Future crop tree damage in a certified community forest in southwestern Amazonia
Forest Ecology and Management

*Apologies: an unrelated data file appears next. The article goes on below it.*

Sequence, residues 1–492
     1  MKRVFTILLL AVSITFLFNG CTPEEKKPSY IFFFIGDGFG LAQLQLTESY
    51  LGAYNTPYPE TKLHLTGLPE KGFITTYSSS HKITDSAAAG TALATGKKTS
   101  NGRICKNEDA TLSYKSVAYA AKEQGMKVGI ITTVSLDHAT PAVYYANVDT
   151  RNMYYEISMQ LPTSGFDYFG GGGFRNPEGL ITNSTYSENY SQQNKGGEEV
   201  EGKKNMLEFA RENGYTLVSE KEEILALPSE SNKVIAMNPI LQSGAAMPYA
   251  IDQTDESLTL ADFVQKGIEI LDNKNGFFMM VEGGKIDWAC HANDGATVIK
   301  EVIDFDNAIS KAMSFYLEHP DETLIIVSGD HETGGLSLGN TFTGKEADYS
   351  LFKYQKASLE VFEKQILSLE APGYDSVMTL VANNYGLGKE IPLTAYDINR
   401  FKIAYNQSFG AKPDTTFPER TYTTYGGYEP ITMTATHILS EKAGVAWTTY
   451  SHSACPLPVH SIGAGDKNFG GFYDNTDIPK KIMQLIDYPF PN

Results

Field studies in Acre, Brazil assessed logging impacts of a certified community timber management project. The main objectives of the study were: (1) to determine if damage incidence to future crop trees (FCTs; â€šÃ¢â€¢20 cm diameter at breast height (dbh)) differs between (a) forest with and without bamboo (Guadua spp.), and (b) trees with and without lianas; (2) to what extent harvesting can be conducted more intensely (m3haâ€šÃ Ã1), without incurring greater FCT damage; and (3) to what extent marking diminishes FCT damage. Full inventories of FCTs of 50 commercial species complexes were conducted before and after logging in 50 m-radius zones of impact around each designated harvest tree in three 10 ha (200 m âˆšÃ³ 500 m) logging blocks. We also mapped all forested areas potentially influenced by logging, including skid trails, log landings and felling gaps, throughout the 30 ha logged. More than 28% of the forest area was disturbed by logging, with 12.1% in skid trails and 16.8% in gap clearings, indicating that the forest gap mosaic can be significantly altered even when reduced-impact logging guidelines are followed. Overall, 15% of FCTs inventoried were damaged. Damage rates were not significantly reduced by marking treatment, location in bamboo-dominated forest, or liana load on FCT damage. Harvest intensity did not influence the probability of FCT damage. For future studies, it would be prudent to address impacts of timber extraction on other livelihood activities, such as non-timber forest product collection, particularly in such regions as the Brazilian Amazon, where many communities are attempting to integrate a suite of income-generating activities.